Calls for gambling companies to properly fund care for problem gamblersGambling
Under plans being considered by the Government, Ministers are looking to impose a new compulsory tax on bookmakers to help curb Britain’s gambling epidemic.
CARE have long been concerned that the current arrangement in which the Government encourages the gambling industry to make voluntary contributions to help care for problem gamblers is not fit for purpose.
Our research showed that 66 per cent of men in the UK were unhappy with this arrangement and would like to see it increased and become compulsory. The polling also reveals the impact gambling is having on society with 63 per cent of people stating that gambling is now a significant issue in Britain today.
Betting bosses have previously called for such a levy to be introduced, which could raise as much as £100m a year to fund addiction clinics and research into problem gambling. The Head of NHS England described gambling addiction as one of the "new threats" facing the NHS and said reports that foreign betting companies weren't "co-funding help" for addicts were "deeply concerning". A statutory levy would therefore be a positive step forward.
“A compulsory levy on the industry should be introduced to replace the present voluntary arrangements and fund prevention, treatment and underpinning research on a greater scale, with a strong and transparent structure for the distribution of the funds raised.” - The Responsible Gambling Strategy Board.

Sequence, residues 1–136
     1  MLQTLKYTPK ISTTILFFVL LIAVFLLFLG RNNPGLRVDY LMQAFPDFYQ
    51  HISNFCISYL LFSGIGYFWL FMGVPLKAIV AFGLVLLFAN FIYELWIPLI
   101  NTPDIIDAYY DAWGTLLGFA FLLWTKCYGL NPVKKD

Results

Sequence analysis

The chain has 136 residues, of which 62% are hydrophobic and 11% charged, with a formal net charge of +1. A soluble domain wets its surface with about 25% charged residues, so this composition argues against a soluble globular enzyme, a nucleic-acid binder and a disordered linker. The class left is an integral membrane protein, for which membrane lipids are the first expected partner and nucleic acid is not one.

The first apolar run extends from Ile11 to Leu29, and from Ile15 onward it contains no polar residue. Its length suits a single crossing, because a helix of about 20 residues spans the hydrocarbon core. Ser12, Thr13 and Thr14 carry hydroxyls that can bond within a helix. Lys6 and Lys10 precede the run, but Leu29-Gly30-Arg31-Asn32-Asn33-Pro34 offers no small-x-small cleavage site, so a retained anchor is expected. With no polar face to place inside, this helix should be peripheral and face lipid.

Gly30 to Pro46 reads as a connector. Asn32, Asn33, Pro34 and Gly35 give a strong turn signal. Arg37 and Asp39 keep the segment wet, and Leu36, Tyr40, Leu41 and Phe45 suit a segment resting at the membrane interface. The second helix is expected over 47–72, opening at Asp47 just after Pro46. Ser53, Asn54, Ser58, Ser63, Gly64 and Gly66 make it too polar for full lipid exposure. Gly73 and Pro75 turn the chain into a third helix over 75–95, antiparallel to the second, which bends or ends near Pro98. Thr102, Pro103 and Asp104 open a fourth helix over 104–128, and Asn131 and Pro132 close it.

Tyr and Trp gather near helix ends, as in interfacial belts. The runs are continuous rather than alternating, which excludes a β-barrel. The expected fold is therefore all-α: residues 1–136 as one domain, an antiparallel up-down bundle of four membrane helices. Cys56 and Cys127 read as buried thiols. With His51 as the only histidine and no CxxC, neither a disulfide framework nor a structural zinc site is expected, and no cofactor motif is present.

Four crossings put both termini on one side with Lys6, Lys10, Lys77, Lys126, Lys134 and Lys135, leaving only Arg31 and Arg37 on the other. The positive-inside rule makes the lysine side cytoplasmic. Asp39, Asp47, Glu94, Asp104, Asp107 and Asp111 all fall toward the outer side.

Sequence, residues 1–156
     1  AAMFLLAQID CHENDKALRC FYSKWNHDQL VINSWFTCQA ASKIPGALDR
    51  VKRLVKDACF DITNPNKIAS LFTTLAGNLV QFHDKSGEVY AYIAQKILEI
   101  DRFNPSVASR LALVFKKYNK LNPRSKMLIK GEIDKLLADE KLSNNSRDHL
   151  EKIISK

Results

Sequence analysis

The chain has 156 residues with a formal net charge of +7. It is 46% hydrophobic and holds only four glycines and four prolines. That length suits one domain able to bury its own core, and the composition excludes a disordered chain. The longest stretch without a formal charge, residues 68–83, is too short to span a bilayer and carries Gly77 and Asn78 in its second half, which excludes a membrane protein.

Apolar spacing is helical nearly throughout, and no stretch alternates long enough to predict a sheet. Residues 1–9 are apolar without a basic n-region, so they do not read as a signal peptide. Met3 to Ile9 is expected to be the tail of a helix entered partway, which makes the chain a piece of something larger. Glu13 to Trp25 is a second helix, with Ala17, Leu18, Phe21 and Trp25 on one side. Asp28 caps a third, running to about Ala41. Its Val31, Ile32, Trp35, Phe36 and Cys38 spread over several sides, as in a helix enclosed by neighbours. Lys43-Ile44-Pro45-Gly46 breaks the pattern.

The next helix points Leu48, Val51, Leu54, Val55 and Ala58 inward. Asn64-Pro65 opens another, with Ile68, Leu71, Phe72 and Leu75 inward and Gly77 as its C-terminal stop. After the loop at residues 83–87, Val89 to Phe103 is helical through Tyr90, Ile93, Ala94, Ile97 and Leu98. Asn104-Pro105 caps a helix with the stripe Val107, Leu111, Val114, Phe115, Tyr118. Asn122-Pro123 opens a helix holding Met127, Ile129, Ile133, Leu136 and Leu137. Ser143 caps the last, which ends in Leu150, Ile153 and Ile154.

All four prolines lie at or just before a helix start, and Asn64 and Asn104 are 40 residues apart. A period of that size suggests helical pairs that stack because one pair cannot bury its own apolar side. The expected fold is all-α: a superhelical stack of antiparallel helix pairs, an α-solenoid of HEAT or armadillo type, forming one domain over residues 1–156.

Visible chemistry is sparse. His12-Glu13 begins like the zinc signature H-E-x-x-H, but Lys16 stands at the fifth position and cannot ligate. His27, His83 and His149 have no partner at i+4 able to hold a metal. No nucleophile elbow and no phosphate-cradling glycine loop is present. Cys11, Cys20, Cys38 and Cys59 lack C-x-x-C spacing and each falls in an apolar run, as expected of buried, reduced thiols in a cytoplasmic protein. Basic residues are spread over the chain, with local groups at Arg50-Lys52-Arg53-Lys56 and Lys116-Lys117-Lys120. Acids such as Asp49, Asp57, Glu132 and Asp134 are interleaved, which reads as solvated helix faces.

The money raised through the compulsory levy would finance a range of measures aimed at caring for problem gamblers, including the resources needed for the NHS in being able to provide treatment.
The move has been backed by former Sports Minister Tracey Crouch, who quit her role last year over the Government’s decision to delay cutting the stake on Fixed Odds Betting Terminals (FOBTs).
“The bookies have been warned over and over if they don’t contribute a voluntary levy to pay for research, education and treatment then it will be made mandatory. Their time is running out fast.” – Tracey Crouch MP.
Children and vulnerable people must be at the heart of all reforms
According to the latest figures from the Gambling Commission there are around 340,000 adult problem gamblers in Britain. 450,000 11-16-year olds gamble on a regular basis with 55,000 classed as problem gamblers.
Just last week the Government announced that it would be banning the sale of all lottery scratch cards to children aged 16 and 17. The Government have also tightened up rules which mean that gambling companies will no longer be able to use celebrities, sports stars or cartoon characters to entice young people to bet.
But it is clear more can be done and a statutory levy would be a good place to make sure that help for problem gamblers is properly funded and available. Treatment for gambling addiction must not be dependent on what financial resources are at your disposal, whether you can afford to seek private rehab for example. Increasing and implementing a statutory levy on gambling companies would help to provide extra funding for the NHS to help to deal with gambling addiction across the UK.